By Paul Emanuelli

(This article was originally published in the August 2015 edition of Purchasing B2B magazine.)

To the casual observer, electronic bid submissions and electronic fund transfers may represent a brave new world of “artificial intelligence” that will take us to a higher orbit of automation. However, as this article explains, these technological innovations are relatively minor operational improvements to our procurement systems. To help solve the deeper systemic issues that lead to procurement delays, cost overruns, bid challenges and other project failures, we need to harness human intelligence by automating project design planning, digitizing tendering call drafting and leveraging procurement data analytics.

Going GIGO With Artificial Intelligence

The expression “garbage in-garbage out” (GIGO), which has its origins in the computer industry, recognizes that bad quality input leads to bad quality results. We see this every day in the field of procurement, where the failure to engage in proper project planning and coordinated RFX drafting repeatedly leads to project delays and project failures. However, rather than focusing on addressing these critical initial design planning flaws and using statistics to identify process bottlenecks, most procurement automation efforts tend to focus on the more mechanical downstream stages of the procurement cycle.

For example, many organizations are implementing “e-procurement” systems that help them automate invoicing processes. These systems, which tend to view the payment of bills as the main event of the procurement cycle, are a classic example of the GIGO principle. These back-end systems do nothing to prevent the award of flawed contracts, and are a poor substitute for the proper automation of project design planning and tender call drafting.

Moving further upstream to the middle of the procurement cycle, we see a proliferation of electronic tendering platforms that allow purchasing organizations to post their RFX documents and allow bidders to electronically submit their bids. While they bring long-overdue tactical improvements to our tendering systems, these platforms are the ultimate manifestation of procurement GIGO since they focus on the transmission of content but do little to help us create it.  For example, these systems are not designed to help plan content that goes into our tendering documents, deal with delays in document drafting, or capture meaningful data on how to properly manage crucial front-end processes.

Leveraging Human Intelligence

Creating advanced tendering systems requires a deeper human understanding of the procurement process. To fully leverage technology in the tendering cycle, we need to integrate human intelligence into our procurement systems by automating project design planning, digitizing RFX drafting and leveraging the use of procurement data analytics.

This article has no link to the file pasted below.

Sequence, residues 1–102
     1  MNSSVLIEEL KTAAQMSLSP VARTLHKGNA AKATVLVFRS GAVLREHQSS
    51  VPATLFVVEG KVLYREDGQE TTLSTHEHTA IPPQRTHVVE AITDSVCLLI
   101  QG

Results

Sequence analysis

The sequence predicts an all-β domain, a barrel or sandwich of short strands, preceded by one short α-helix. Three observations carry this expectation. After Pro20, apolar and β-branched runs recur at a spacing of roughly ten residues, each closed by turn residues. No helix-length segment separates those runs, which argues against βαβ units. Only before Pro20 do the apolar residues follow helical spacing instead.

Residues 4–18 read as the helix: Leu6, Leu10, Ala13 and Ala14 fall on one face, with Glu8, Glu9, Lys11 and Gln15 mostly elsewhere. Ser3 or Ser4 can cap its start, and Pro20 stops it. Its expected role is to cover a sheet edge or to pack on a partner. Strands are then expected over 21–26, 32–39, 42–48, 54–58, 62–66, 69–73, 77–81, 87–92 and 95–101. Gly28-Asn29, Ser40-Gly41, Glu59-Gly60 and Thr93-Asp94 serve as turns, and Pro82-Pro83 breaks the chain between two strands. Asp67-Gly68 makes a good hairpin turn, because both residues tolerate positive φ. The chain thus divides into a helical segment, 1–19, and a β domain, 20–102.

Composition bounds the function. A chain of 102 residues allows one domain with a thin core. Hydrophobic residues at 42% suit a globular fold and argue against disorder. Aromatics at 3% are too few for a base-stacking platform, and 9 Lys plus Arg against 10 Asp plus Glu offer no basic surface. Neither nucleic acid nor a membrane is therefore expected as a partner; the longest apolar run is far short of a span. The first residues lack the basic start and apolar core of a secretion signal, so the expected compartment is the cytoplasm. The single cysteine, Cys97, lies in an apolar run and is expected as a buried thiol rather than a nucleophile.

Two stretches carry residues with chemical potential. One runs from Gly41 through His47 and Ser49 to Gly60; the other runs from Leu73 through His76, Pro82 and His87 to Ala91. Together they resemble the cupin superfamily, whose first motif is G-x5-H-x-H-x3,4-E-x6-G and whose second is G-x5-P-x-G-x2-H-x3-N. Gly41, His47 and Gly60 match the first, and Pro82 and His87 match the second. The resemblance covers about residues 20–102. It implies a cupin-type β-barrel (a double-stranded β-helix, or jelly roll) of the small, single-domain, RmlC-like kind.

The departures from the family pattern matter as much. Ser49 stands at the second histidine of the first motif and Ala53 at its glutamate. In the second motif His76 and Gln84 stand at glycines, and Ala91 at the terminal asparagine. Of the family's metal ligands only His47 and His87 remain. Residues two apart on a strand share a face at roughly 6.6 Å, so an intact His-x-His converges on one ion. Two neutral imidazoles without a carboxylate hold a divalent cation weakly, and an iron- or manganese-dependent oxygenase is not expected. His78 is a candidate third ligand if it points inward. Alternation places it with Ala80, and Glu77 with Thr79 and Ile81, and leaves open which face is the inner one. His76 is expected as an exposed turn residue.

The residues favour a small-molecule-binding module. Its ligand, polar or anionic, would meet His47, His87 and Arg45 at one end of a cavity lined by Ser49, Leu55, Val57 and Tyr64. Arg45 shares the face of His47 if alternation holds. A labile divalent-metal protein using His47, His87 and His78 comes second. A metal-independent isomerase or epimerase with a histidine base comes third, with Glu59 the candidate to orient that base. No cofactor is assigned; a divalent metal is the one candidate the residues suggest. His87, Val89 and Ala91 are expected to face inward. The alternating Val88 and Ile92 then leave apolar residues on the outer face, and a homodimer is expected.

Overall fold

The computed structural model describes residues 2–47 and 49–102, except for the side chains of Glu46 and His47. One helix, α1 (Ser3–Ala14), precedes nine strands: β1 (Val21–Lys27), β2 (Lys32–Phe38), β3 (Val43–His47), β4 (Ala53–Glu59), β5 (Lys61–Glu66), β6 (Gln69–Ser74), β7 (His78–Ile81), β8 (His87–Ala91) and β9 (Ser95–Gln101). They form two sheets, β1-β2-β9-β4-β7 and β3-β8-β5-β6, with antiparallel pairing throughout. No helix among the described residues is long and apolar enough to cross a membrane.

Automated project design planning should be the entry point into the procurement cycle. By taking an end-user through a series of standardized questions created by human intelligence, we can create digital project blueprints tailored to that end-user’s purchasing requirements. These design blueprints should be based on the “95/5 rule” of procurement project design planning, which recognizes that ninety five percent of project failures can be traced to the failure to properly address the five core design planning issues that are universal to every tendering process: (i) scoping of requirements; (ii) pricing structures; (iii) evaluation criteria; (iv) contract formation process; (v) tendering format selection. If end-users are unable to answer the core questions required to create a proper project design blueprint, this should serve as an early warning system within the procurement department and enable the deployment of proper resources to assist with design planning before the project goes GIGO.

While more and more institutions are quickly adopting a broad range of professionally designed tendering formats, digitized tendering templates will bring the automation of human intelligence to a higher level. In the near future these electronic tendering templates will “speak with” digital project design blueprints and assemble the project-specific content drafted by project teams with the push of a button. Once these systems are enabled, this will allow institutions to significantly accelerate their tendering cycles by avoid drafting bottlenecks as they coordinate the concurrent drafting of different RFX document components.

By leveraging procurement analytics, institutions can also embed their procurement departments within highly-functioning project teams. While current systems offer no clear window into the procurement planning and drafting process, automation can serve as the portal into the front-end of the cycle, allowing purchasing departments to monitor incoming projects, assign drafting roles and responsibilities across project teams and carefully monitor internal deadlines to better ensure that RFX documents are posted according to their project schedules.

By leveraging human know-how, we can move beyond mechanical automation to reach a higher orbit of project success. That type of automation will take use light years ahead of our current practices and help us truly launch the new digital era in procurement.